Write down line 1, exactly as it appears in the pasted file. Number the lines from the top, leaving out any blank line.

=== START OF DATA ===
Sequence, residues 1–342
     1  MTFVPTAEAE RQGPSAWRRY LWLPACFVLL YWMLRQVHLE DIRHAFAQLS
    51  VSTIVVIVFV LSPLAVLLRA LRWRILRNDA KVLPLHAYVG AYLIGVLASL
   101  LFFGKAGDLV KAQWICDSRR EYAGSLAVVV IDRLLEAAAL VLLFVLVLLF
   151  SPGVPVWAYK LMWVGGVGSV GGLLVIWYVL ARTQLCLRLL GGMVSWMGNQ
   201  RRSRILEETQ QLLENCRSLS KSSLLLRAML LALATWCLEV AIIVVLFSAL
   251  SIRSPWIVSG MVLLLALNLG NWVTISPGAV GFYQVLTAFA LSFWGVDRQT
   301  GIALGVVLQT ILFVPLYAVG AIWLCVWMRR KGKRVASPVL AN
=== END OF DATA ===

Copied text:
Sequence, residues 1–342